CES is kicking off this week, and one of the technologies being showcased is from Zeiss' Multifunctional smart glass product division. Zeiss claims that their propriety coating and manufacturing process allows a typical window pane to also become a lens for an image sensor, which several tech blogs (ex: Digital Camera World) are claiming will create all kinds of wonderful (and scary) applications for "invisible" surveillance cameras.

Images released from Zeiss, such as the one below, envision security-related applications, such as a camera that can act as a seamless face recognition access control device:

This image is also showing the other, and more practical, application of these coatings and processes, which is to project an image onto a pane of glass. This is similar to how Heads Up Displays (HUDs) in some vehicles work.

Like many cutting-edge, and seemingly magic, technologies released at CES, the reality and liklihood of this becoming A Thing is somewhat limited.

The following video, showing the technology in action, is impressive for sure, but also illustrates several issues. One of the most predominent issues is what appears to be a very shallow depth of field. The face of the person who looks to be filming the video is in focus, but objects very close to the glass, or behind the person, are very blurry. The image is also in black and white, and looks to be somewhat soft overall. Also, due to basic laws of physics in regards to how photons of light behave, the more transparent the glass is, the less light that can be effectively channeled to an image sensor in this application. This means that low-light performance is likely to be exceptionally poor, and also that dynamic range is going to suffer.

These technical limitations may be able to be reduced a bit with additional R&D, but most likely this system will never be able to rival modern surveillance cameras in terms of depth of field, resolution, or detail.

In order for a pane of glass to be utilized as a camera lens, it needs to be manfactured with Zeiss' technology, so these "invisible" security cameras cannot be retrofit into existing windows or glass doors.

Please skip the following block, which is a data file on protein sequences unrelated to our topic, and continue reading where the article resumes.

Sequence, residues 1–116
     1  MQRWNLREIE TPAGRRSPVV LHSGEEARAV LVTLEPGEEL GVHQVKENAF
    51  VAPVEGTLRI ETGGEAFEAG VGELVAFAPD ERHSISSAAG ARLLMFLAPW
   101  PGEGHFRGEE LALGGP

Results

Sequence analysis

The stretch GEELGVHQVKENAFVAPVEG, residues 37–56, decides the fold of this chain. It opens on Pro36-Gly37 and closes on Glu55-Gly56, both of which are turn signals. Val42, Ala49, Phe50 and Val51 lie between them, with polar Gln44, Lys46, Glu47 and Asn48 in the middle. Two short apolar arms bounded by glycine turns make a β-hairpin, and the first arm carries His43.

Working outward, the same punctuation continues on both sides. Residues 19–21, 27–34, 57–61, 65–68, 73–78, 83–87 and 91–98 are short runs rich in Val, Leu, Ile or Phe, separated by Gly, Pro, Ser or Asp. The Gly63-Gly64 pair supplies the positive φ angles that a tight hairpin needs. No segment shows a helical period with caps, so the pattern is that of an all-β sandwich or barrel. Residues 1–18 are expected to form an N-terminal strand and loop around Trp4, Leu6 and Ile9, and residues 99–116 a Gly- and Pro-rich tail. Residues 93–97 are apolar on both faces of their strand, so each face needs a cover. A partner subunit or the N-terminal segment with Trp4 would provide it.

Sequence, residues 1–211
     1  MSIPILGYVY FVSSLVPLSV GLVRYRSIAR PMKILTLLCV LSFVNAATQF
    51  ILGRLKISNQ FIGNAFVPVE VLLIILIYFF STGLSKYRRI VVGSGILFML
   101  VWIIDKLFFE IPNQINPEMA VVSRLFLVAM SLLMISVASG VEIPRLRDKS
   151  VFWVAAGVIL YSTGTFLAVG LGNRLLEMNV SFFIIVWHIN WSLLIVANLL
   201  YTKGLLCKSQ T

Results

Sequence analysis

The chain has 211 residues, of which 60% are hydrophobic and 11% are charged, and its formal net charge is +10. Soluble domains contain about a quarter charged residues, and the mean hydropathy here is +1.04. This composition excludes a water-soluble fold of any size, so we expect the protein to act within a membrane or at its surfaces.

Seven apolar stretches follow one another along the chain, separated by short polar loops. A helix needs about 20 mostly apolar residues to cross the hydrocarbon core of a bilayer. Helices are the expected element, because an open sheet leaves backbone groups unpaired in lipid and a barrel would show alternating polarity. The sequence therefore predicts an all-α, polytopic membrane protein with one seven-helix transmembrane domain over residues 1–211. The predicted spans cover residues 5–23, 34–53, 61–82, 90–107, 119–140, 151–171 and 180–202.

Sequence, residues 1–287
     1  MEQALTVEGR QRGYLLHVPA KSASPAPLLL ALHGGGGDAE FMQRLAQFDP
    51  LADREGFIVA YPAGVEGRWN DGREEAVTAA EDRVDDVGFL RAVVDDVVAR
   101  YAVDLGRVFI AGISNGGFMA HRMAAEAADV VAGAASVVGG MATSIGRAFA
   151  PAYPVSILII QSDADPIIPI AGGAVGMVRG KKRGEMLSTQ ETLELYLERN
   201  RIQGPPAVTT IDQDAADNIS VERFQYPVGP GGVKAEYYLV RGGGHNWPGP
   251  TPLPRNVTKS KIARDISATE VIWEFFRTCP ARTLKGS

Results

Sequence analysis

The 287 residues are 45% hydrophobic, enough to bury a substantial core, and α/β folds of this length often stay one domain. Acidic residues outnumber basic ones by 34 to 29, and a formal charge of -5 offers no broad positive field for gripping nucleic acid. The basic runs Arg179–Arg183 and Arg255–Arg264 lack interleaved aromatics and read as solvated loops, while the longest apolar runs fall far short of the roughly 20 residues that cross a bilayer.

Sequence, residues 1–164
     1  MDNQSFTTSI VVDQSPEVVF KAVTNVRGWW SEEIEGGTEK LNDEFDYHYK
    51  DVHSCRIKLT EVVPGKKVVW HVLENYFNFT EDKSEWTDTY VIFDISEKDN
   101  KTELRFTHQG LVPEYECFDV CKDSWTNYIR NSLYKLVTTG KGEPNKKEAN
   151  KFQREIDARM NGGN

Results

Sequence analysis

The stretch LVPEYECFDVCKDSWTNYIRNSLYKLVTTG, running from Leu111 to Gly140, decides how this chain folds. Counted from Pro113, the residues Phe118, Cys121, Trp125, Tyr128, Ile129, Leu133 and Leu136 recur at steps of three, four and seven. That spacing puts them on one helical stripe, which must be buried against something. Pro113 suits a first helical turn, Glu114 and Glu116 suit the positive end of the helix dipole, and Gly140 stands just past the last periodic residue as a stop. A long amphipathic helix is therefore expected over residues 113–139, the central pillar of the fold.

Still, there may be potential applications for this technology in security and surveillance. In particular, this could be utilized as a way to do tracking of people throughout indoor environments, where traditional cameras are used for overview shots and higher resolution images, with the "window cameras" being used for overall tracking or location purposes. In this scenario AI-based image upscaling and re-identification could be utilized to provide an accurate path for applications like retail analytics, business intelligence, or other functions where the goal is primarily to gather location data or history instead of evidence-grade images.

Utilizing this for highly accurate face recognition may be asking too much of the technology. Similarly, expecting to utilize this as a general surveillance camera, capturing accurate and details color images over a large area is unlikely. Though for retail applications it may be sufficient to discern basic shopper demographic data.

The ability to project images onto the glass, utilizing the same basic coating and manufacturing processes, may be the more practical implementation. Particularly as touchless mobile credentials become more common, having an elegant way to indicate access granted/denied status on glass doors directly in the persons field of vision would be a nice touch.

No pricing information has been released, but this techology is likely to be priced in a way that makes it limited in applicability. Specialized coatings and manufacturing process similar to this can increase the manufacturing price of glass from 20%-100% per square foot. The costs, coupled with the reduced capabilities compared to traditional cameras mean this would likely be utilized in very limited applications.

Finally, regardless of price or performance, don't worry about being surveilled by invisible glass cameras in the near future. While Zeiss is showcasing the technical capability, there are no commercialized applications yet and no announced partnerships with camera manufacturers, or window glass suppliers, to bring this to market.